“I think the idea of barnacling on appendages to shopping centres is a logical and sensible strategy. Without losing the substantial commercial value that’s already in that location – it makes it a more mixed use complex that’s not entirely about driving the car to a parking lot but part of a transit accessible, complete neighbourhood.”

He also thinks that the new development could be “groundbreaking”

“In urban design circles, there’s been talk about changing shopping malls into urban places for decades.” The Oakridge development has all the potential, he says, “to become a demonstration of a successful strategy that could be applied throughout North America.”

Ivanhoe Cambridge, which owns the 28.3-acre parcel that comprises Oakridge shopping centre, secured city council approval in 2007 for a policy plan that forsees 1.8-million square feet of new density. The site already contains 50,000 square feet of residential, and plans are afoot to add 1.2-million square feet of housing.

According to Gordon Wylie, senior director of development at Ivanhoe Cambridge, 50 per cent of the housing will be town homes and midrise development, and 50 per cent will be high rise – with the policy currently allowing for nine towers on site.

As well as the planned 350,000 square feet of new retail and 200,000 square feet of new office space, Mr. Wylie says ample community space – in addition to the existing library, school and seniors centre – will be added to the site.

“Our vision is to create a complete and sustainable community,” he says, adding that the scale and mass of the unique site that remains Vancouver’s “single largest parcel of privately owned land next to a transit hub that can be redeveloped,” could even allow for exploration of district energy supply.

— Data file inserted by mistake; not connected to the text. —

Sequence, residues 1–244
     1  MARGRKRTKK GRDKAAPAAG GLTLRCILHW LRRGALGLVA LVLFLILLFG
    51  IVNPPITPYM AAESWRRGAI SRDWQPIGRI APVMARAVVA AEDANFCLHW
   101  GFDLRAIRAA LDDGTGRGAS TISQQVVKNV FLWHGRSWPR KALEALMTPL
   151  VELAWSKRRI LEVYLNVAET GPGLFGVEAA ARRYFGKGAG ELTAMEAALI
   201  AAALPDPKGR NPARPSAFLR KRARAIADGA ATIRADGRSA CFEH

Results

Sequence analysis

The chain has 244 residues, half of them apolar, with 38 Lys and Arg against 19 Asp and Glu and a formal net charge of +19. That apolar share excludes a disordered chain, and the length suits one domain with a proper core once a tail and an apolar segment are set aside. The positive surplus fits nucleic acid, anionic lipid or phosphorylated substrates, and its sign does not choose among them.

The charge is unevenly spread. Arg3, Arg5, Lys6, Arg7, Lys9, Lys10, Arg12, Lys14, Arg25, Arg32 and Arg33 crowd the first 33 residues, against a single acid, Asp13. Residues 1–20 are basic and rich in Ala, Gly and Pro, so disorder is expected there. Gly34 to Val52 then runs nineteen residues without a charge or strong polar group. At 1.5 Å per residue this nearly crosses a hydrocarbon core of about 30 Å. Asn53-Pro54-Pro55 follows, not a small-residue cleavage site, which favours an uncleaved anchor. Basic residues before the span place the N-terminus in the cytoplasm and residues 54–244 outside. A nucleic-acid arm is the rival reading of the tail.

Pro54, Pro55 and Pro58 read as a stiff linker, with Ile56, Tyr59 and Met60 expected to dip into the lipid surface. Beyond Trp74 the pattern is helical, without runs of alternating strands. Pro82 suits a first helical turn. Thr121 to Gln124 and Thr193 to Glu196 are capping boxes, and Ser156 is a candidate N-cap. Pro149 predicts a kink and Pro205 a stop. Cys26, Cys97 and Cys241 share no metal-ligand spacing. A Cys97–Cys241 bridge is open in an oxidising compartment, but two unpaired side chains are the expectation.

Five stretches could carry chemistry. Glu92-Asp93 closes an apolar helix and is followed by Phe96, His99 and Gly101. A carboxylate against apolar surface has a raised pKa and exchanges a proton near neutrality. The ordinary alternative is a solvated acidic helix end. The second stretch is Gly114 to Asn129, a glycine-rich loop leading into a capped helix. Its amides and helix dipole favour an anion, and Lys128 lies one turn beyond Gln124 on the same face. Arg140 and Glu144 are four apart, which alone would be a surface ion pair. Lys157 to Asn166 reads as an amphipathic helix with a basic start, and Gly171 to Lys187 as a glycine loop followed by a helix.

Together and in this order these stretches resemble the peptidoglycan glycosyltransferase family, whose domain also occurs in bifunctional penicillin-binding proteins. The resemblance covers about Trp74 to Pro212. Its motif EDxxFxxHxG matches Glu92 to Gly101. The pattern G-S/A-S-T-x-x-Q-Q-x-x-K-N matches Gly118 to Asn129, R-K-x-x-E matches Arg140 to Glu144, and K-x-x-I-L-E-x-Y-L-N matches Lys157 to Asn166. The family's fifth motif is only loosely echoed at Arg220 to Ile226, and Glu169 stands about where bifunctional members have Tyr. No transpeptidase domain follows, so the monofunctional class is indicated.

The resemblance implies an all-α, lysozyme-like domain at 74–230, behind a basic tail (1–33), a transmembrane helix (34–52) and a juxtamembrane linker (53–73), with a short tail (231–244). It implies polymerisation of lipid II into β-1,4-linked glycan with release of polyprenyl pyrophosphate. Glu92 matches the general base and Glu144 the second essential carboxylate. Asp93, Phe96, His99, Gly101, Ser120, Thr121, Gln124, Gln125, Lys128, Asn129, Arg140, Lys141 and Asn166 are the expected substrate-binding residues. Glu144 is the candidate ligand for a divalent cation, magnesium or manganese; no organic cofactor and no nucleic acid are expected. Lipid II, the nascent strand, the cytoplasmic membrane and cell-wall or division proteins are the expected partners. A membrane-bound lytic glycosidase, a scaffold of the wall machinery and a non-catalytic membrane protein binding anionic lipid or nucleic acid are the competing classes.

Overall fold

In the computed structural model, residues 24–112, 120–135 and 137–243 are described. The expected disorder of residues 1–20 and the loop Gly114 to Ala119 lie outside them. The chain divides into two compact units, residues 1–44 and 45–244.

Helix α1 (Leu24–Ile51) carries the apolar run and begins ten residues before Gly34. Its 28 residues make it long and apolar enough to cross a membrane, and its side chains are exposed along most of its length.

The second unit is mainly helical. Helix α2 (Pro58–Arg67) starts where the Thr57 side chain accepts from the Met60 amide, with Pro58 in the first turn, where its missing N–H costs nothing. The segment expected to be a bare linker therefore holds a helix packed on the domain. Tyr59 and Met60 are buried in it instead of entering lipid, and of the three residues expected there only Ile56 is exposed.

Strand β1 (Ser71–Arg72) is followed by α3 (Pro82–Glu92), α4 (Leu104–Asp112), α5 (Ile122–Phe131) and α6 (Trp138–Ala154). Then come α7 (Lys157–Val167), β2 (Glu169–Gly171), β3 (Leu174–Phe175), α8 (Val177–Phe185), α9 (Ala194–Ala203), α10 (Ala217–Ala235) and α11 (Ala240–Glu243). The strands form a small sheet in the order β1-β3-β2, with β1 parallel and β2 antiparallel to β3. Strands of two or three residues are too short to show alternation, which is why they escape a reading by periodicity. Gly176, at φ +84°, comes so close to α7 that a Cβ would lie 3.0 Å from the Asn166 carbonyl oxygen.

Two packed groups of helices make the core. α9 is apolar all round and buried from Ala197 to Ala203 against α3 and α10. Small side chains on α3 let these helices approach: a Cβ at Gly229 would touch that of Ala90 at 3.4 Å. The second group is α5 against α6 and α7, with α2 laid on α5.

But Mr. Condon is sympathetic to some area residents concerned about rapid change in their neighbourhood.

“Usually residents don’t oppose density per se – they oppose things in their neighbourhood that are unlike their neighbourhood. Sensitive architects understand this.”

For Andrew Grant, president of PCI developments who received unanimous approval from the Urban Design Panel last month, for ambitious plans to build the new Marine Gateway community at Cambie’s southern tip, the key was “maintaining the character of the neighbourhood.”

In this case, Marpole’s “urban village” vibe was accentuated throughout the design of the project built to LEED Gold standards that will incorporate two high rises on top of a three-storey podium, 415 market condos, 46 rental housing units, a separate 240,000-square-foot office building, and a 220,000-square-foot cinema – all perched on top of a Canada Line station.

“From the start,” explains Mr. Grant, “the concept was a high street that ran down the centre of the site. All of our uses will access that – including transit, the office component, the cinema and the housing units. They’ll all come through the centre of the site and maximize concentration of foot traffic through that area – which will be people friendly and conducive to interaction. It will help integrate use and break down scale. Maintaining that neighbourhood feel – through the high street but also through details like architectural finishes – has been an essential part of our design.”

“There’s no doubt,” says Mr. Grant, “that the Canada Line will change the shape of the city. Vancouver is under tremendous pressure for additional housing to meet the demand – and our prices are being pushed up accordingly.”

Since many people can longer afford to own both a car and a home, “people have become less reliant on automobiles – so locating housing and retail and work spaces close to each other and to transit hubs makes sense.”

In many ways, densification of the Cambie Corridor will be a true test of Vancouverism’s – the much lauded high density, car free phenomenon so celebrated in the city’s downtown – mettle. Whether it can be successfully managed in the city’s southern corridors will make the difference between Vancouver remaining suburbia by the sea – or becoming a truly urban model.

Editor's note: Due to an editing error, an earlier online version of this story incorrectly described the Marpole urban village project, which is being built to LEED Gold environmental construction standards. This version has been corrected.